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The New Zealand WHOQOL-BREF with national items: Focus group work, item selection, confirmatory factor analysis, and Rasch analysis Chris Krägeloh, Paula.

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Presentation on theme: "The New Zealand WHOQOL-BREF with national items: Focus group work, item selection, confirmatory factor analysis, and Rasch analysis Chris Krägeloh, Paula."— Presentation transcript:

1 The New Zealand WHOQOL-BREF with national items: Focus group work, item selection, confirmatory factor analysis, and Rasch analysis Chris Krägeloh, Paula Kersten, Patricia Hsu, & Joanna Feng Positive Psychology Conference, AUT, Akoranga Campus 8 June 2013

2 Positive Psychology Conference 8 June 2013 Activities of the NZ WHOQOL Group Conducts research in the area of QOL, especially around the WHOQOL tools (WHOQOL-BREF and other modules, such as WHOQOL-SRPB, WHOQOL- DIS, WHOQOL-OLD). We recently validated the WHOQOL-BREF for use in the New Zealand general population. We developed a NZ version of the WHOQOL-BREF, with 5 additional national items.

3 Activities of the NZ WHOQOL Group Monitor the use of the WHOQOL tools in NZ to avoid mis-use. Provide general support and advice on the use of the tools; provide general guidelines on scoring and interpretation. Maintain a current database of WHOQOL data collected in NZ for the purpose of providing reference values for future studies and use in clinical settings. Positive Psychology Conference 8 June 2013

4 The NZ WHOQOL Group in PCRC The NZ WHOQOL Group has recently joined the Outcomes Research Cluster of the Person-Centred Research Centre at AUT. This cluster has demonstrated expertise on the use of outcome measures in health research. Through alignment with this cluster, WHOQOL work in NZ will have access to national and international research networks and contribute to the development and use of outcome measure in health research contexts. Positive Psychology Conference 8 June 2013

5 Purpose of the present talk 1.Background on the initial focus group work for content validation of the WHOQOL-BREF for use in New Zealand. 2.Development of additional optional national items for the WHOQOL-BREF. 3.Validation of the national items: their alignment with the four domains of the WHOQOL-BREF. Positive Psychology Conference 8 June 2013

6 WHOQOL = World Health Organization Quality of Life Scale. Health-related QOL assessment. Developed in the 1990s cross-culturally in 14 countries. Expanded to over 35 country versions since estimate of 123 researchers in 67 centres and 39 countries involved in studies using WHOQOL instruments. Positive Psychology Conference 8 June 2013

7 Rationale behind original WHOQOL development Need for measurement of health beyond traditional morbidity and mortality to include impact of disease and impairment on daily activities and behaviour. Desire to find out what patients and clients felt about themselves to supplement what experts thought. Introduces a humanistic element to health care to balance mechanistic medical approaches. Unsatisfactory and culturally biased translations of similar UK and North American measures. Positive Psychology Conference 8 June 2013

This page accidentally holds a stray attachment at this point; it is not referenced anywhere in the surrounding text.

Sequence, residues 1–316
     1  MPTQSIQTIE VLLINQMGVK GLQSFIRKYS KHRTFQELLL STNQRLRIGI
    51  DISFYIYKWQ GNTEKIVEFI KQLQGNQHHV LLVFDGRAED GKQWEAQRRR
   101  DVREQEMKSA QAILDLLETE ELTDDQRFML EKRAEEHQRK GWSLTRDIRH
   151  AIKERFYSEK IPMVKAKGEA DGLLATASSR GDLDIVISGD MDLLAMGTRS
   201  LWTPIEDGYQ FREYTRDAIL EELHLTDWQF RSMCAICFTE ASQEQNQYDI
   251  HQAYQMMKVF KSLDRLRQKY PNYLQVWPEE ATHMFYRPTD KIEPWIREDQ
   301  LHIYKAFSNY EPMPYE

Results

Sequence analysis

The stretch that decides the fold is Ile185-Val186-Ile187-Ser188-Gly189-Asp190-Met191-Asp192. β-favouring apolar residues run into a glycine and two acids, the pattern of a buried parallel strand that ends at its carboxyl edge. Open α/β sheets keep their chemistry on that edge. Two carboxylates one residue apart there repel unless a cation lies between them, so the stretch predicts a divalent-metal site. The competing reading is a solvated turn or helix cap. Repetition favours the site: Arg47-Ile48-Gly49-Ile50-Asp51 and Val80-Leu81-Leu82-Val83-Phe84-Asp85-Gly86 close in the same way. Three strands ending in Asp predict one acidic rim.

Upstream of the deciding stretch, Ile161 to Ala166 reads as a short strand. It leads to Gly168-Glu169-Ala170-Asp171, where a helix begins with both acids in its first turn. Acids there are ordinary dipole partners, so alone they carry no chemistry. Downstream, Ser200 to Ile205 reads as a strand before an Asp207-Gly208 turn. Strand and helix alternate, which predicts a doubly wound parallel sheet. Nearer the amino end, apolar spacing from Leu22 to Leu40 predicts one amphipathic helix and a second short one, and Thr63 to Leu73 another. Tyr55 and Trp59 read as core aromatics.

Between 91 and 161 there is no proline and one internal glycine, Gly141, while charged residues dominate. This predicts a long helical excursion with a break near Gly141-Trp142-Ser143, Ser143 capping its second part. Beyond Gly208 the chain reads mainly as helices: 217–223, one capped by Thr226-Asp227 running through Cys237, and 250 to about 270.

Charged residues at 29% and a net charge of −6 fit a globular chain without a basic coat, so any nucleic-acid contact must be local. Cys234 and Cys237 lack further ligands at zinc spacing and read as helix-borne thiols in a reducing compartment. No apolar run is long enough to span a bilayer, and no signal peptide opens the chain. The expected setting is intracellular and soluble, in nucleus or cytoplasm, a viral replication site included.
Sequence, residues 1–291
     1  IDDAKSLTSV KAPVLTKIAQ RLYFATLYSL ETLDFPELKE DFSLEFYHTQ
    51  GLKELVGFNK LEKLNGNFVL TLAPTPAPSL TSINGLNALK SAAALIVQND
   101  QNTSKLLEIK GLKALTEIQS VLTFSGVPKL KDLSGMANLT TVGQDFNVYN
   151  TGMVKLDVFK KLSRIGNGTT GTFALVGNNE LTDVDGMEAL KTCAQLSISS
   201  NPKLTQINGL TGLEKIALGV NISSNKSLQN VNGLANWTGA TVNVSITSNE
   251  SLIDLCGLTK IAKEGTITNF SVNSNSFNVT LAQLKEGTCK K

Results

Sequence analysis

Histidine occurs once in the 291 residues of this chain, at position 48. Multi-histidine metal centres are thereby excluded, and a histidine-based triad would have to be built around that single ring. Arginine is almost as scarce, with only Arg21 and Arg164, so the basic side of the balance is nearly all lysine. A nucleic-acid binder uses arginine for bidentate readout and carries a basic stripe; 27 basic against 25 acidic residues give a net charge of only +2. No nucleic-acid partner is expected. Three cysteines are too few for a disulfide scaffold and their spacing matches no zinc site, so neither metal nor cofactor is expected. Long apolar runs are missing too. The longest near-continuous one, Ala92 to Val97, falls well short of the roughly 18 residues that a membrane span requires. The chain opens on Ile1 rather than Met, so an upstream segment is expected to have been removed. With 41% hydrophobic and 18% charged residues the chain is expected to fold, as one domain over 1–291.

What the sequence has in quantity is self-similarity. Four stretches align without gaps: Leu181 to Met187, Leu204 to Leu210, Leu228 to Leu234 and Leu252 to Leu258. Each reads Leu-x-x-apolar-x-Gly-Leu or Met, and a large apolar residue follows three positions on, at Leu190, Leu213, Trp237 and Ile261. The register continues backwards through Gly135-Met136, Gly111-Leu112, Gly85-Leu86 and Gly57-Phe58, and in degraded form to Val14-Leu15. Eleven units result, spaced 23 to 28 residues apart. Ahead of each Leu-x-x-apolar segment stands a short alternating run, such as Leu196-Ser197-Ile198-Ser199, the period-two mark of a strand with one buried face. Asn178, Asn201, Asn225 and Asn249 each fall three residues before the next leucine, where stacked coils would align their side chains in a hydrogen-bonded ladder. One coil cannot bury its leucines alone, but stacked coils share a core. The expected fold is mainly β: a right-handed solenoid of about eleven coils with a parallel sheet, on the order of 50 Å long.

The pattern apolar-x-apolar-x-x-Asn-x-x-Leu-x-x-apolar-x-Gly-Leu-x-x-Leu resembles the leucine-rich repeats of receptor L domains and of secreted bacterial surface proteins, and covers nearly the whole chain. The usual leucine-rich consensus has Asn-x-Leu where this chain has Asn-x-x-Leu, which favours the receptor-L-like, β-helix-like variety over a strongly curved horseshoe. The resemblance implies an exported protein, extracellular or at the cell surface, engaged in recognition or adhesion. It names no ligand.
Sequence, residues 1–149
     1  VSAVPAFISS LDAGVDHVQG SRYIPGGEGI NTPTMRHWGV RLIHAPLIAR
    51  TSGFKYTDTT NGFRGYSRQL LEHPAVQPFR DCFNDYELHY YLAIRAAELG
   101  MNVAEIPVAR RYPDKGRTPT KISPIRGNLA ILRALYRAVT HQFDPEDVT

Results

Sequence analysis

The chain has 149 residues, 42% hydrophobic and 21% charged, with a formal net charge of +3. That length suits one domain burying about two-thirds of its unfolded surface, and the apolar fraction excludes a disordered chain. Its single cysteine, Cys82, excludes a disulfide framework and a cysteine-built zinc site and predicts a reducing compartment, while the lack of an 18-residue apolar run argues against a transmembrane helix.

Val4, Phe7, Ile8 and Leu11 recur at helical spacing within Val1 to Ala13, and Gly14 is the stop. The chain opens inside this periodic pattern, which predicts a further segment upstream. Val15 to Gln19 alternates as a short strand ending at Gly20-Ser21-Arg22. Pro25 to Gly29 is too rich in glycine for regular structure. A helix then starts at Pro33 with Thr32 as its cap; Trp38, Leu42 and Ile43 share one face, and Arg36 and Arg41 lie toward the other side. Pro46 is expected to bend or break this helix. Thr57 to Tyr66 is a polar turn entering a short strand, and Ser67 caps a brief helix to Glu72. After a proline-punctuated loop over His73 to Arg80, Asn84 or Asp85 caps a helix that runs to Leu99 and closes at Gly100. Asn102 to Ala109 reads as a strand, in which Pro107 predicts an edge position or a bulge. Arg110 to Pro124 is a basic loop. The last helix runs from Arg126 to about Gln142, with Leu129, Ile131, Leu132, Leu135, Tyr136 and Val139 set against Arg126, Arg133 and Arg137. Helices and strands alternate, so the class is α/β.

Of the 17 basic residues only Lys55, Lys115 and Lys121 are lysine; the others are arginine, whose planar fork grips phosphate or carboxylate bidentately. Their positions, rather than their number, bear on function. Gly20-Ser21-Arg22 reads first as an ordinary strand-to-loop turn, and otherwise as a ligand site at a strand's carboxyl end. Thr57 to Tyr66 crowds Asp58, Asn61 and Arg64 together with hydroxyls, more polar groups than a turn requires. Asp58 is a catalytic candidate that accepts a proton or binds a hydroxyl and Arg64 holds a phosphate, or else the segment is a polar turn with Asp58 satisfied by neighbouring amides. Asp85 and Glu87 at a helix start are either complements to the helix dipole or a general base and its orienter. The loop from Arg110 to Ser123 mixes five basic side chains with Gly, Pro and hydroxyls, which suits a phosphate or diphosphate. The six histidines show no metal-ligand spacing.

8 Definition of QOL “individuals’ perception of their position in life in the context of the culture and value systems in which they live and in relation to their goals, expectations, standards and concerns. It is a broad ranging concept affected in a complex way by the person’s physical health, psychological state, personal beliefs, social relationships and their relationship to salient features of their environment” (WHOQOL Group, 1995) Positive Psychology Conference 8 June 2013

9 Melbourne, Australia Zagreb, Croatia Paris, France Delhi, North India Madras, South India Beersheba, Israel Tokyo, Japan Tilburg, The Netherlands Field centres involved in the development of WHOQOL-100 Positive Psychology Conference 8 June 2013 Panama City, Panama St. Petersburg, Russian Federation Barcelona, Spain Bangkok, Thailand Bath, UK Seattle, USA Harare, Zimbabwe Hong Kong Leipzig, Germany Mannheim, Germany La Plata, Argentina Porto Alegre, Brazil Additional centres involved in the WHOQOL-BREF

10 Properties of the WHOQOL Comprehensive multidimensional profile. Subjective perceptions: “How satisfied are you with your ability to walk?” Objective approach “How well can you walk?” Subjective approach decided upon. Cross-culturally developed with many languages. Standardised 5-point Likert rating scale covering 4 dimensions - intensity (how much), frequency (how often), evaluation (how satisfied), capacity (are you able). Positive Psychology Conference 8 June 2013

11 1.Concept clarification (expert review) 2.Qualitative pilot (incl. focus groups) 3.Developmental pilot (300 questions) 4.Field test (series of studies on smaller scale) Developmental process Positive Psychology Conference 8 June 2013

12 Versions and features WHOQOL-100 = core generic instrument WHOQOL-BREF = abbreviated 26-item version WHOQOL-8 = eight-item version Additional modules = HIV, OLD, SRPB, DIS Some country versions have optional additional national items. Positive Psychology Conference 8 June 2013

13 The WHOQOL-BREF is the most widely used WHOQOL instrument. It is also the most widely used QOL tool in the words.

14 Up until recently, research studies in New Zealand using the World Health Organization Quality of Life questionnaire WHOQOL-BREF have been using the Australian or British versions. In 2008, Prof. Rex Billington and colleagues founded the New Zealand WHOQOL Group. One of the early goals of this group was to validate the instrument for use in New Zealand and thus develop a New Zealand version. Positive Psychology Conference 8 June 2013